Emotion and the Structure of Narrative Film: Film as an Emotion Machine

Emotion and the Structure of Narrative Film: Film as an Emotion Machine

Emotion and the Structure of Narrative Film: Film as an Emotion Machine

Emotion and the Structure of Narrative Film: Film as an Emotion Machine


Introduced one hundred years ago, film has since become part of our lives. For the past century, however, the experience offered by fiction films has remained a mystery. Questions such as why adult viewers cry and shiver, and why they care at all about fictional characters -- while aware that they contemplate an entirely staged scene -- are still unresolved. In addition, it is unknown why spectators find some film experiences entertaining that have a clearly aversive nature outside the cinema. These and other questions make the psychological status of emotions allegedly induced by the fiction film highly problematic.

Earlier attempts to answer these questions have been limited to a few genre studies. In recent years, film criticism and the theory of film structure have made use of psychoanalytic concepts which have proven insufficient in accounting for the diversity of film induced affect. In contrast, academic psychology -- during the century of its existence -- has made extensive study of emotional responses provoked by viewing fiction film, but has taken the role of film as a natural stimulus completely for granted. The present volume bridges the gap between critical theories of film on the one hand, and recent psychological theory and research of human emotion on the other, in an attempt to explain the emotions provoked by fiction film.

This book integrates insights on the narrative structure of fiction film including its themes, plot structure, and characters with recent knowledge on the cognitive processing of natural events, and narrative and person information. It develops a theoretical framework for systematically describing emotion in the film viewer. The question whether or not film produces genuine emotion is answered by comparing affect in the viewer with emotion in the real world experienced by persons witnessing events that have personal significance to them. Current understanding of the psychology of emotions provides the basis for identifying critical features of the fiction film that trigger the general emotion system. Individual emotions are classified according to their position in the affect structure of a film -- a larger system of emotions produced by one particular film as a whole. Along the way, a series of problematic issues is dealt with, notably the reality of the emotional stimulus in film, the identification of the viewer with protagonists on screen, and the necessity of the viewer's cooperation in arriving at a genuine emotion. Finally, it is argued that film-produced emotions are genuine emotions in response to an artificial stimulus. Film can be regarded as a fine-tuned machine for a continuous stream of emotions that are entertaining after all.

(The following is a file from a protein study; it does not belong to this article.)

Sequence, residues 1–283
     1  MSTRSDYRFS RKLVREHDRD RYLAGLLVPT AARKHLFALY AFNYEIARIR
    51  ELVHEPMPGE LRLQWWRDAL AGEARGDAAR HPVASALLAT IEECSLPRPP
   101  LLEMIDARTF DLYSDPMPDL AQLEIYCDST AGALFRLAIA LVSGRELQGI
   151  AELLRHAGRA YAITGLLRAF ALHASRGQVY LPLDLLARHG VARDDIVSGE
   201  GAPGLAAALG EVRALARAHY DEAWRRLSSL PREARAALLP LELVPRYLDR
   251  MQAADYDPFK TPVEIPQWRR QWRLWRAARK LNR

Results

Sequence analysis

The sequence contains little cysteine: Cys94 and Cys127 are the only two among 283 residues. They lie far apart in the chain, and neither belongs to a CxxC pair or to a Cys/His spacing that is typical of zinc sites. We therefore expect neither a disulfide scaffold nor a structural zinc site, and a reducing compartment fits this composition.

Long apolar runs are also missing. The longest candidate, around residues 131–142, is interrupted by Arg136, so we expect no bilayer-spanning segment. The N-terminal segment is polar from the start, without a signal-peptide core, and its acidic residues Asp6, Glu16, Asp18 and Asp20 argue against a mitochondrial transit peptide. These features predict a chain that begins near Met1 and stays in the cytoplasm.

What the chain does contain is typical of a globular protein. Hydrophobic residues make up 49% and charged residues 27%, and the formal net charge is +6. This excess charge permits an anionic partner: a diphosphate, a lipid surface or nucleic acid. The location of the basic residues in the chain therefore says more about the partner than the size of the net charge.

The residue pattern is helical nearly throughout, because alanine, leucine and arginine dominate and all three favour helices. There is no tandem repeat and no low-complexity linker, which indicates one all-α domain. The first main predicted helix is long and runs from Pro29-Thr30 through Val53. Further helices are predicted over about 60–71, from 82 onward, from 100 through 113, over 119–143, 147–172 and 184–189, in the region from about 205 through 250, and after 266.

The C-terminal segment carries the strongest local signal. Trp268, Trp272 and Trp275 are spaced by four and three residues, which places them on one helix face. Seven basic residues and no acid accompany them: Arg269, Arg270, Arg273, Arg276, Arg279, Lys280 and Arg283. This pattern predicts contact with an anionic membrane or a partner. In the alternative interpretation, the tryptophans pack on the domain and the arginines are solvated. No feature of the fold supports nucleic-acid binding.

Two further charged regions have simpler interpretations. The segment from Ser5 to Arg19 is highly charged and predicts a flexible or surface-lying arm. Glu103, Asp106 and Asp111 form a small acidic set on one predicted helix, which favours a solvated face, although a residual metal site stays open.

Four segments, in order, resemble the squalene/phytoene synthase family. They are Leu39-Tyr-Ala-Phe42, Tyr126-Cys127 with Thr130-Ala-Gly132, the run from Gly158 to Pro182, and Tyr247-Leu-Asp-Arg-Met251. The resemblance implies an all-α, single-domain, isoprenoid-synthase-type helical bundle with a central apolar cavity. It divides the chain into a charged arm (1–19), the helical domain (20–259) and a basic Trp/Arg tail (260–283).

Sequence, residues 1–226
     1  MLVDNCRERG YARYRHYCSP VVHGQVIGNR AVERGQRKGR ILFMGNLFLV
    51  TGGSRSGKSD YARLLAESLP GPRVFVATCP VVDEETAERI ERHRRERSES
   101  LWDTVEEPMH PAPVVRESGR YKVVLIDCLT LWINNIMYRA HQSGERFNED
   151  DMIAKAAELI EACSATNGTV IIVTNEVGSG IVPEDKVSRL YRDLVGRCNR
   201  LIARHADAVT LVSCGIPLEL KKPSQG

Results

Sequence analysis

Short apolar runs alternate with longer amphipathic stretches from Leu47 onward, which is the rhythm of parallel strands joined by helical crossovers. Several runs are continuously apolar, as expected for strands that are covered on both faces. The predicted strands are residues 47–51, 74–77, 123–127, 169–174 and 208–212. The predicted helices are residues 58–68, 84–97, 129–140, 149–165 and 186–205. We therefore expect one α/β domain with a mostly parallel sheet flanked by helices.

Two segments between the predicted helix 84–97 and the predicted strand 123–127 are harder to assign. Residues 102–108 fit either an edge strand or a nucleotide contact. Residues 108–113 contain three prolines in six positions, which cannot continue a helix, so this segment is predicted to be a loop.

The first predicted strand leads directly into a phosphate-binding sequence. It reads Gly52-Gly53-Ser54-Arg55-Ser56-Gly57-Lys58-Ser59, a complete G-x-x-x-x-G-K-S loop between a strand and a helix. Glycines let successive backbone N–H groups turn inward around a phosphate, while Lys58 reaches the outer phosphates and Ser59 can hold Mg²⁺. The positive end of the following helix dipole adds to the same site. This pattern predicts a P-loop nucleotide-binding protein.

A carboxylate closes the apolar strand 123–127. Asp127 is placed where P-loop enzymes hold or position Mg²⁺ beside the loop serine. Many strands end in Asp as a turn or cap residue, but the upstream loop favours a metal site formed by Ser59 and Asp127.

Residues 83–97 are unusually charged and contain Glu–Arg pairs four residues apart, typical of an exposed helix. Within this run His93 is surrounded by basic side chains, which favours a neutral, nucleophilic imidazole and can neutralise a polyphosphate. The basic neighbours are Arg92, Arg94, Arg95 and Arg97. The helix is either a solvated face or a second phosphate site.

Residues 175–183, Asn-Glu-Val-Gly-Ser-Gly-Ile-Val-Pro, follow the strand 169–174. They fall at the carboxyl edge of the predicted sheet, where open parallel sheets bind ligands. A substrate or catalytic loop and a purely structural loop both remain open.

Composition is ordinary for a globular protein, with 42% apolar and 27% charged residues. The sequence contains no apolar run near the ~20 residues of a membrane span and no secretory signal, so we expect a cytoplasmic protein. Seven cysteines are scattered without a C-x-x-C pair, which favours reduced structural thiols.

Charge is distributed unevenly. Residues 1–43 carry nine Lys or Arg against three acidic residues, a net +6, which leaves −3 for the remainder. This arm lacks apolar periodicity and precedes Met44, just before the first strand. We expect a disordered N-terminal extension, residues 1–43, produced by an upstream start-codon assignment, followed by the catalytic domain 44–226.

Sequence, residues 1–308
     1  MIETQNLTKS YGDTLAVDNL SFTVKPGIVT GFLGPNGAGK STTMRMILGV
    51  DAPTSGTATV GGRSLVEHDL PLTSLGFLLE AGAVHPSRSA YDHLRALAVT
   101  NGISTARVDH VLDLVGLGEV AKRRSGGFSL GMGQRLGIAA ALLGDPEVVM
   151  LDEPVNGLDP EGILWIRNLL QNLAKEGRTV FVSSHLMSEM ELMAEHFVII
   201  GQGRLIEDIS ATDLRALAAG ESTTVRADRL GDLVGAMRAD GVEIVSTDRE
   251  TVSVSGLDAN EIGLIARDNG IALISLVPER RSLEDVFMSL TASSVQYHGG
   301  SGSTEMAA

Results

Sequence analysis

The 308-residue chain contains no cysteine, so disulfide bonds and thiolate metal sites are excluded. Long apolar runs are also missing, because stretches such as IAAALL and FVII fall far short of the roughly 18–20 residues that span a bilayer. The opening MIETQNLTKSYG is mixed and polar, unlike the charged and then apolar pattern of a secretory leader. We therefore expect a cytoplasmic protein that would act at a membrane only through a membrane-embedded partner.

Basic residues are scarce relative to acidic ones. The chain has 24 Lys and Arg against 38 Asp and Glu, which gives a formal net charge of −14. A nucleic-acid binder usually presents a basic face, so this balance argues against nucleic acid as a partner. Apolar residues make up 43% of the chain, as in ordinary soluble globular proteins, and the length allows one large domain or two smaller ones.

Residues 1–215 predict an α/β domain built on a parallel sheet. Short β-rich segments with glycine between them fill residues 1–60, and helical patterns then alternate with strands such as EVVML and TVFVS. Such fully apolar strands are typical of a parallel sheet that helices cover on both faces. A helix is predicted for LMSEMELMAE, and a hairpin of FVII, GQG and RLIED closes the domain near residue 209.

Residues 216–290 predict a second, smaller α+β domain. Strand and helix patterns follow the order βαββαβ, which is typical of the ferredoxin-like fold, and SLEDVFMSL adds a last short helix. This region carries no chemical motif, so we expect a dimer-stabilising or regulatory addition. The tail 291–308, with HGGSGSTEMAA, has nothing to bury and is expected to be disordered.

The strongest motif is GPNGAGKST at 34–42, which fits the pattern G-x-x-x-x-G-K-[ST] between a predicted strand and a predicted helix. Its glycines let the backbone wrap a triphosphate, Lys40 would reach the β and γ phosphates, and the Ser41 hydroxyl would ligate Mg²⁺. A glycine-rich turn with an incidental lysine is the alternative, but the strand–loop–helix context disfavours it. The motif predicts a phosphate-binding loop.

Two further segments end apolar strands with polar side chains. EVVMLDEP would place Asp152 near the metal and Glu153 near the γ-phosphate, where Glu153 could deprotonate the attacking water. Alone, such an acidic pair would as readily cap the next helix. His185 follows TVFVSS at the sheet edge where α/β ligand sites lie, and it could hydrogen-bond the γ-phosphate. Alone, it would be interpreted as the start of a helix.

The work paves the way for understanding and, in principle, predicting emotions in the film viewer using existing psychological instruments of investigation. Dealing with the problems of film-induced affect and rendering them accessible to formal modeling and experimental method serves a wider interest of understanding aesthetic emotion -- the feelings that man-made products, and especially works of art, can evoke in the beholder.


This book is meant to be a contribution to the psychology of film. Books on the psychology of film may be rare, but psychology and film share a lot. They have both recently celebrated their 100th birthday, and it may well be that they both originated in the technology of the late 19th century, or at least in the social spirit of this technology. On the one hand, film has lent service to psychology. It soon became an important tool in the psychological laboratory, and it is still widely in use (e.g., in the study of perception and emotion). On the other hand, psychology has contributed to theoretical reflection on film. The 1916 essay on the "photoplay" by Hugo Münsterberg, a Harvard psychologist, has become known as the first attempt to formulate a theory of film. However early this attempt may be, subsequent psychological studies of the film have remained scarce. As recently as in 1979, James Gibson observed, "The technology of cinema and television has reached the very highest level of applied science. The psychology of the awareness provided by a motion picture, however, is nonexistent . . ." (p. 292). Only a few years later, Hochberg's (1986) brilliant contribution to Boff, Kaufman, and Thomas' Handbook of Perception was published. Virtually all knowledge that existed on the perception of motion pictures had been accumulated in the chapter. The author complained that this is not really much: "In my first draft of this chapter, I included titles for 27 tables which . . . would have been valuable to designers of moving pictures in film. . . . Those tables have not been given here because their data, although obtainable and desirable, are as yet imaginary" (p. 22-60).

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